New York Times: Make Classical Music More Diverse by Getting Rid of the Classical Part

I remember back when the New York Times had its own classical musical station. The Times was always toxic, but there was a time when there was more to it than viewing every damn thing through the lens of its political agenda. Which, at the moment, is race.

“With their major institutions founded on white European models and obstinately focused on the distant past, classical music and opera have been even slower than American society at large to confront racial inequity.”


A genre whose high points occurred centuries ago is, get this, “obstinately” focused on the distant past. Why can’t it just go Skillrex?

But we are dealing with progressives here. And being focused on the distant past, as opposed to the unreachable utopia at the end of the socialist rainbow, is a bad thing. A thoughtcrime. Wrongthink. And, considering the current racial lens on everything, racist.

Nine Black performers spoke with The New York Times about steps that could be taken to begin transforming a white-dominated field. 

Some are reasonable. Most involve affirmative action. And some go beyond that. 

“The first step is admitting that these organizations are built on a white framework built to benefit white people. Have you done the work to create a structure that is actually benefiting Black and brown communities?”

Classical music is meant to benefit people who like classical music. That’s a minority of white or black people. The community it benefits isn’t racial, it’s based on affinity. 

Anyway let’s cut to the Unmake Classical Music section of this.

I would like changes to be made in how we train musicians in conservatories and universities. A lot of our thinking, and our perceptions of what’s good music, becomes indoctrinated at that stage.  I say this because even though I’m a person of color, I was guilty of not being accepting of new voices and styles outside of Beethoven, Schumann, all the usual music of the past.

There are plenty of classical musicians who enjoy rock, jazz, hip-hop, and assorted musical styles.

Being a classical musician does not mean rejecting all genres of music, but it does mean focusing on one. Dismissing it as the “usual music of the past” is, like the “obstinate” jab, revealing of a mindset which is hostile to classical music.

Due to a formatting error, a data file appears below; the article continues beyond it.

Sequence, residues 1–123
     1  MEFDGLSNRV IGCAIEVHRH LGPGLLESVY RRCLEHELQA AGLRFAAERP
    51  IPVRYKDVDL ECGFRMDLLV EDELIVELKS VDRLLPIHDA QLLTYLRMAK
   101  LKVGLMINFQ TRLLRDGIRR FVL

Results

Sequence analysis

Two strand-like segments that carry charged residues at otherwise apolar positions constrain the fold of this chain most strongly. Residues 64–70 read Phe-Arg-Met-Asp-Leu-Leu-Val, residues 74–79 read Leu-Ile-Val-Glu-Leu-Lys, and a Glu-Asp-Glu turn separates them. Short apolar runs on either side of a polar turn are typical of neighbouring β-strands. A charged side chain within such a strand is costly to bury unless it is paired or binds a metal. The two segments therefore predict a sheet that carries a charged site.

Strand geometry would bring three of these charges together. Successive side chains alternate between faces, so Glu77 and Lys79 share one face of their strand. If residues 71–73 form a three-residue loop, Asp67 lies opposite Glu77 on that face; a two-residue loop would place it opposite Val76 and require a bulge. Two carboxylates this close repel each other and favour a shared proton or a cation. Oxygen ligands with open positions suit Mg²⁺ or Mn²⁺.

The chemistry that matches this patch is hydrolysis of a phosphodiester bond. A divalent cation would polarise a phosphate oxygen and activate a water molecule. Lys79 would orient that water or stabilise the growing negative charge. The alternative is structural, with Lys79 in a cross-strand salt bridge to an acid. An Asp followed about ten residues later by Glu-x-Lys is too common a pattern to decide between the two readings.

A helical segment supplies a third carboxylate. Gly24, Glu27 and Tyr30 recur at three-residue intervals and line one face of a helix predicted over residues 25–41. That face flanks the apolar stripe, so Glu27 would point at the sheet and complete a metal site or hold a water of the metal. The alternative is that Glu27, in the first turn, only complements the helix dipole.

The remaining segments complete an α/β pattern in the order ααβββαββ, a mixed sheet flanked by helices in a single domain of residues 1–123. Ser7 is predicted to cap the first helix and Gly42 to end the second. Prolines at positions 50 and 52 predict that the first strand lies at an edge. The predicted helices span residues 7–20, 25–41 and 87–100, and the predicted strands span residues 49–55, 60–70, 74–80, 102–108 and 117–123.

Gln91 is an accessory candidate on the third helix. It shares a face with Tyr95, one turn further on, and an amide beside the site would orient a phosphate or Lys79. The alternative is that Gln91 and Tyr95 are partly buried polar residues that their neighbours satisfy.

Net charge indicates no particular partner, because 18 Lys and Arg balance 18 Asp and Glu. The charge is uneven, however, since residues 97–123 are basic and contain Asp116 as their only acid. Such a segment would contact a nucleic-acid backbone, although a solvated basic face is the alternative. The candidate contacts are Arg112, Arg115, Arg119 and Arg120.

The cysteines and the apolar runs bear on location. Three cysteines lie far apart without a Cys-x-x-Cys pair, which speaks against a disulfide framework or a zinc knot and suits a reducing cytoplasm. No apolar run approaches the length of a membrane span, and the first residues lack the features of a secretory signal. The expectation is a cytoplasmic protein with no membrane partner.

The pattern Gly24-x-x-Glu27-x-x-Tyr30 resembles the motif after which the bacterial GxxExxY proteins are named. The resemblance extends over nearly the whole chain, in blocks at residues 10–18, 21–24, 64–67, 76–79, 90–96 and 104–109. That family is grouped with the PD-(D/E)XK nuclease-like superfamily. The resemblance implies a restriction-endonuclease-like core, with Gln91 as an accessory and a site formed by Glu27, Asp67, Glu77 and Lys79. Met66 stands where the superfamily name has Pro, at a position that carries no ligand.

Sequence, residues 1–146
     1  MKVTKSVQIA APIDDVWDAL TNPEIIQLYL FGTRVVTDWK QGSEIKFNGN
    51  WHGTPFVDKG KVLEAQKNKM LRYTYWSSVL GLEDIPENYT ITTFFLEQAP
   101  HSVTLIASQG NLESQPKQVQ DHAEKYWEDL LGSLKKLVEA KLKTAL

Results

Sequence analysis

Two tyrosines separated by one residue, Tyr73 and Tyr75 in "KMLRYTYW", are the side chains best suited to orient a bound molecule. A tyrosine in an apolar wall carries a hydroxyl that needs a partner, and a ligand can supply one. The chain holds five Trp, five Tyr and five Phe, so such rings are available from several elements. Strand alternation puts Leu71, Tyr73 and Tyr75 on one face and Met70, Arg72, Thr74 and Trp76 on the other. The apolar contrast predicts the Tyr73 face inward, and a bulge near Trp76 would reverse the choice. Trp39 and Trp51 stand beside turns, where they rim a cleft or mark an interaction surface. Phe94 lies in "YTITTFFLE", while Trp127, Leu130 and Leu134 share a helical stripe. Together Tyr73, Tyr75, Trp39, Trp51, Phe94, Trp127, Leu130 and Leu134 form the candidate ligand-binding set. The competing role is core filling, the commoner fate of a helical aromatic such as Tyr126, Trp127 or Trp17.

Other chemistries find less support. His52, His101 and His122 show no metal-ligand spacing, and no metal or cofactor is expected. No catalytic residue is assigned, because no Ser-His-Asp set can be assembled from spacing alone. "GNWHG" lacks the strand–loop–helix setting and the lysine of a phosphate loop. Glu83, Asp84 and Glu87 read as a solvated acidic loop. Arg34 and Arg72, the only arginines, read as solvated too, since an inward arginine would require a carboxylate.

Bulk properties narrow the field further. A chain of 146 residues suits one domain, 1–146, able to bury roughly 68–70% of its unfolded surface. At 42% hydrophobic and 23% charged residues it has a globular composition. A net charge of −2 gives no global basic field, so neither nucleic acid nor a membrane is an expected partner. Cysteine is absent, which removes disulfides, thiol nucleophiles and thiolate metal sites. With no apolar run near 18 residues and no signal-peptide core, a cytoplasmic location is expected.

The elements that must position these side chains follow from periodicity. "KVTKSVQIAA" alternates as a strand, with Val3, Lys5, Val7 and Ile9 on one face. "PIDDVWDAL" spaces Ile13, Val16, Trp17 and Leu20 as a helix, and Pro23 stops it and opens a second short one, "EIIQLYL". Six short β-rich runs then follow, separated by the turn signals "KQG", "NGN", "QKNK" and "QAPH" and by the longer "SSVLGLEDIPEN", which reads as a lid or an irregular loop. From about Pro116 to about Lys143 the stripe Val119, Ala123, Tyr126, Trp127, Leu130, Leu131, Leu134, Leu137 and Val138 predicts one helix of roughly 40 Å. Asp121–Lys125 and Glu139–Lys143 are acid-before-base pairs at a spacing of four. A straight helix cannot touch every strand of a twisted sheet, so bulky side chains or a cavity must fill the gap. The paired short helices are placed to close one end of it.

“If we reinvent what the opera or classical music audience is, we won’t have the disparities in people hired, people attending, even what’s presented, because you will have different people coming up with new ideas.”

Audiences invent themselves.

People decide what they want to listen to. That is their job. Any functioning adult develops his or her own tastes. There are things that can be done to introduce children to classical music. But that’s really a job for parents and schools. The burden isn’t on institutions, many of whom are already struggling, to launch some sort of giant outreach programs.

When we did “Champion” in New Orleans, this African-American guy in his 70s said, “If this is opera, I will come.” That’s a new audience member we didn’t have before. “La Bohème” doesn’t mean anything to him. But these contemporary stories do.

Good for him, but contemporary opera is frankly terrible. Doing it, white or black, means lowering quality and, inevitably going to political messaging. The great operas were written in the past. Trashing them because the past is now bad would kill classical music.

 Some people see a Black tenor, and they think Otello. Or they see a Black soprano and they think Aida. “Who wants to see a Black Cio-Cio San?” You’ll hear that. But yes, opera is a suspension of disbelief. When someone does “Eugene Onegin,” they will often cast someone Russian or fluent in Russian. It doesn’t have to be who you expect. There are other people who can sing it. 

One of these things is not like the other. You can have someone of any color sing a role. But being fluent in the language is obviously important. Russian is hard for anyone who isn’t Russian, regardless of their race. Learning to do it is a commitment.

Paul Robeson, a Stalinist and execrable human being, but a talented singer, learned to sing in Russian, when he was doing his endless tour of the USSR. Like anything else, it takes hard work and discipline. It’s not about color, but learning to sing in multiple languages is part of the job.

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